Face of My Love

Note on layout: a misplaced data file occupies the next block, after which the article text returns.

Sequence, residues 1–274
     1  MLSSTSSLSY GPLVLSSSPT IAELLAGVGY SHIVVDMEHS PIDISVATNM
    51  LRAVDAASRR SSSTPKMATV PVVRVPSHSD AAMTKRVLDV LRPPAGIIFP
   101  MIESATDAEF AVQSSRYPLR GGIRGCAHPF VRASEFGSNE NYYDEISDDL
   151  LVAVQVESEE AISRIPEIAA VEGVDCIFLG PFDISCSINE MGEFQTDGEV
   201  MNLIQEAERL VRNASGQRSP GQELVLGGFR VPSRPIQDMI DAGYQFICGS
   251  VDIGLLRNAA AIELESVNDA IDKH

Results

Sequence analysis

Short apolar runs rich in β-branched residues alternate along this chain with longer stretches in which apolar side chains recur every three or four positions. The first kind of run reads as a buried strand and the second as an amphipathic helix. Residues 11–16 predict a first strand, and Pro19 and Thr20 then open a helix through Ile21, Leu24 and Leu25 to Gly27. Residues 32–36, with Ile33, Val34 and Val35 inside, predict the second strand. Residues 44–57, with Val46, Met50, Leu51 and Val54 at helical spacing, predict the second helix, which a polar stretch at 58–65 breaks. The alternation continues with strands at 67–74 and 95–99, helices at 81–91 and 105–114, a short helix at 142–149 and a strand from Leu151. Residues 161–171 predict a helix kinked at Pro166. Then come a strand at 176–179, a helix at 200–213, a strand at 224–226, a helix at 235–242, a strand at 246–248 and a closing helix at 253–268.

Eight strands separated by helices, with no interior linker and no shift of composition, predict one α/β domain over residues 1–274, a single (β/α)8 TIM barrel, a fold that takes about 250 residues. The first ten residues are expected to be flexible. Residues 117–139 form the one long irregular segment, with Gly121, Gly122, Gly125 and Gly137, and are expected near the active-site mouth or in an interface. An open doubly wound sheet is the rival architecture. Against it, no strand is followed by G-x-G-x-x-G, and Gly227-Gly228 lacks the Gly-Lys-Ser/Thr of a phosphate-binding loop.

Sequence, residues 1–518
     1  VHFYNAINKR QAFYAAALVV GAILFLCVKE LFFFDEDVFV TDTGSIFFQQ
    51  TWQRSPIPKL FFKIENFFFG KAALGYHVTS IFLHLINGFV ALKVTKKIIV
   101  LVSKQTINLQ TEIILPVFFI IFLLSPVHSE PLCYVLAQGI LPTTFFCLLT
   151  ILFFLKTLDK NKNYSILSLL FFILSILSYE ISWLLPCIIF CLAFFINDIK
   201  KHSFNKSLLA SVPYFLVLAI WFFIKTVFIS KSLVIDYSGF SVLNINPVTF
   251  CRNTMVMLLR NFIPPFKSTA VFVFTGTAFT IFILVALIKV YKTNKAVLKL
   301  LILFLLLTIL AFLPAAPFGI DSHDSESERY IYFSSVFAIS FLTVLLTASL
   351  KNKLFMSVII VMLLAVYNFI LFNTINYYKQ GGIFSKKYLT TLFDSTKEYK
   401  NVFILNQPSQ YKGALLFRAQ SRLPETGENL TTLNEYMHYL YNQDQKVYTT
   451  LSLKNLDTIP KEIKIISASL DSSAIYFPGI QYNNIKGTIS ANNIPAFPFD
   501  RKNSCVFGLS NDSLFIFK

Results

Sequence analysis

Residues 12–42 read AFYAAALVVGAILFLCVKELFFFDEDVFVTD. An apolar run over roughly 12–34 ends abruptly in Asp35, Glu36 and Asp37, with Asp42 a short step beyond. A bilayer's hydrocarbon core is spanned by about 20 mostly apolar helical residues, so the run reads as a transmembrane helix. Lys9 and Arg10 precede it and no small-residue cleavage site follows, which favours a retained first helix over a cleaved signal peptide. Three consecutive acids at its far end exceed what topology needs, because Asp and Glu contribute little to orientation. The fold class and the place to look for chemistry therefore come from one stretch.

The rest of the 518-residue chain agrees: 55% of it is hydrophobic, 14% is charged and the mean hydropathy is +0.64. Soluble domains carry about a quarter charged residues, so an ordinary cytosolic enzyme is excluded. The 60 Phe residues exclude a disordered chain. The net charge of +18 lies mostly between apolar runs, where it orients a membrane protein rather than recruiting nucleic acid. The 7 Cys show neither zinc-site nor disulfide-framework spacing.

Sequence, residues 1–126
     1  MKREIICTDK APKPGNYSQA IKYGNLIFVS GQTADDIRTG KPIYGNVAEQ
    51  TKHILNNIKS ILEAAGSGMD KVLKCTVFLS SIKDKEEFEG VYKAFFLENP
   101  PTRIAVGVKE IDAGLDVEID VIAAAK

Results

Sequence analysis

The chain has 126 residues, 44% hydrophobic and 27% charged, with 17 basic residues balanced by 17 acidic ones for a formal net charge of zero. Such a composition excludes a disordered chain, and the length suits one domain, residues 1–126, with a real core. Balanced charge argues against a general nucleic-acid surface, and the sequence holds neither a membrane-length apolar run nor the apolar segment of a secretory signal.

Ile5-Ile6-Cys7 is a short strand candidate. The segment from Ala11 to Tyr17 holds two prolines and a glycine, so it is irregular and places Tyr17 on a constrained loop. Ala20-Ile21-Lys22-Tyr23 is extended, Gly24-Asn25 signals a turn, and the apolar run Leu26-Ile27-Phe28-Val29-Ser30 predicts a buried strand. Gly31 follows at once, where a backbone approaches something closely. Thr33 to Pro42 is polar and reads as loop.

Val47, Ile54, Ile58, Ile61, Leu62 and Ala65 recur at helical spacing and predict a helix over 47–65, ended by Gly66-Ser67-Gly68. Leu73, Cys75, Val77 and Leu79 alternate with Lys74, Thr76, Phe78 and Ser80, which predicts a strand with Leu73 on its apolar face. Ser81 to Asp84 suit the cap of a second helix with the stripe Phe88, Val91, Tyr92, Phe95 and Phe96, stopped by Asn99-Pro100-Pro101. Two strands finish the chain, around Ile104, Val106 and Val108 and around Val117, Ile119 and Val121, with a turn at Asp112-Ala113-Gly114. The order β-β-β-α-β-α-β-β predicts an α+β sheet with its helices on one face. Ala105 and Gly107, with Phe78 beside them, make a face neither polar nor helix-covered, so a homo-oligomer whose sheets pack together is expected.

The most important point that Ken Greves brings out in his interpretation of "It Was Written In The Stars" is that here is one of the major song texts to take us through the inevitable stages of a relationship. In fact, hearing it here, in this context, it makes me realize that "It Was Written In The Stars" (from the 1948 film Casbah), philosophically at least, sounds like it could have come from the score to Kismet. In American pop culture, the idea of fate is a very Middle Eastern thing: Casbah was set in Algiers and Kismet took place in Baghdad. And in fact there is something of a connection between the two works: at around the time Harold Arlen was composing Casbah, he helped out the composers Robert Wright and George Forrest. They were then considering the potential of a musical based on the old play Kismet, and it was Arlen who gave them the idea to use the work of the late Russian composer Alexander Borodin as a starting point. Which goes to show here that the concept of kismet works in putting together a classic musical as well as in a relationship, as Ken Greves deftly illustrates over the course of 16 songs in his first album The Face of My Love. All these points went through my mind, but the main thought I kept flashing back to was, "Yeah, he's like totally right about that!" - "he" in this case being a speaker-composite of both Ken Greves and lyricist Leo Robin (the two become one and the same). When you're deeply in love on that profound a level, you really do feel as if your relationship was pre-ordained by the stars, the fates, the Gods, or whatever. You don't question the idea that, "what was written in the stars must be," or, as they say in Kismet, "So it is written, so it shall be done." Ken takes us through all the stages implicit in the process: of being alone, falling in and then out of love, and, at the end, being alone again - waiting for the cycle to start anew. The Face of My Love begins with Billy Strayhorn's "Day Dream" (the first of three samples of Strayhorniana here) a song about being hopeful about finding love, and from there proceeds, logically, into "A Nightingale Sang in Berkeley Square," a song about meeting someone. Greves brings out the meaning of the texts in thoughtful and original ways: in "Day Dream," near the end of the second chorus, he deliberately skips a line or so of the lyric, which underscores the unfocused, day dreamy feeling of John Latouche's words; in "Nightingale," also near the end of the song, he spaces out the notes on "like an echo far away" to accentuate the distant, echo-y feeling. "Where Have You Been" and "You Stepped Out of a Dream" (as well as "Dearly Beloved") are all songs of romantic discovery: when you find Mr. Right (or even "Mr. Right Now," as they say in Lifetime TV movies) your first question is invariably "Where Have You Been?" (The former is that great rarity, a Cole Porter song that's rarely done.) "Everything I Have Is Yours?" and the magical pairing of "Witchcraft" and "That Old Black Magic" are songs of high romantic rapture, and, in both cases, Greves awakens the inner song nerd in all of us by throwing in verses that most of us will only know (if at all) from the original sheet music. I surely can't think of many examples of anybody actually singing the verses to "Everything" and "Witchcraft"; in the case of the latter, especially, it's a real mitzvah to hear this imaginative intro - the brilliant Carolyn Leigh was particularly adept at versecraft. The magic medley is framed by a particularly compelling piano figure from accompanist Wells Hanley; by hammering away lightly but insistently on a single note, he creates an enchanted sound suggestive of the elves in Santa's workshop. The kismet-driven "It Was Written In The Stars," "Alone Together" (done mostly just with bassist Tom Hubbard) and "My Flame Burns Blue" (done as a voice-and-piano duet with Mr. Hanley) show the relationship getting more serious. "Flame" is Elvis Costello's take on Strayhorn's "Blood Count"; I know of at least two or three previous sets of lyrics to this composition that served as the grand finale to the composer's short life, but Mr. Costello's is surely the one that will become definitive. The lightly swinging "Day In, Day Out" provides the last moment of romantic rapture before things start to turn sour. "Chelsea Bridge" is decidedly melancholy; if there ever was anyone who could describe the bittersweet rites of passage in a relationship, even in those many instances when he was just writing music and not lyrics, it was Strayhorn. By the time we get to "There's a Lull in my Life" (with another rare verse, this one practically not sung since Alice Faye) things have definitely taken a downturn (as attractive as Ken's interpretation is). He's one of the few singers I've heard personalize a tune by shortening it - the first time he reaches the coda, he caps it rather than extending it. Then, when he arrives at that point again at the conclusion of the second chorus, he sings the full ending: "this ache in my heart, the call of my arms, the lull in my life." "Don't Look Back" is a song of finito and completo if ever there was one; the door is closing and the bridge is burning behind you, and it would be foolish to try and stop it. "Someone To Light Up My Life" - a comparatively lesser-heard song by Antonio Carlos Jobim (English text by Gene Lees) - is about once again beginning the search for someone new. I never noticed before that it's a song about endings as well as beginnings, goodbye as well as hello. Ken then conveys two distinct but inter-related messages in "By Myself": that he doesn't mind being alone, but, in a compelling coda at the very end, he reprises a fragment of "Day Dream," as if to show that hope springs eternal and that he's optimistic for the future. Even though the affair is over, Ken chooses not to end on a downer note. Just as the album ends with a hopeful look towards the next romance, I'm looking forward to whatever's coming next from Ken Greves. Will Friedwald July 2009 New York City.